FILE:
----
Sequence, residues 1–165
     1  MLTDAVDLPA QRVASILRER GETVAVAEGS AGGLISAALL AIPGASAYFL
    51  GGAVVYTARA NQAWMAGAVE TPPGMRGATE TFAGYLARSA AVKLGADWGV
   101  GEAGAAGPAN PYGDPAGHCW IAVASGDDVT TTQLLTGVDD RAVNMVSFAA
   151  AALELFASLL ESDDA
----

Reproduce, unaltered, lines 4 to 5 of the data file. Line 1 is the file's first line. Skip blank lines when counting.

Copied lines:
   101  GEAGAAGPAN PYGDPAGHCW IAVASGDDVT TTQLLTGVDD RAVNMVSFAA
   151  AALELFASLL ESDDA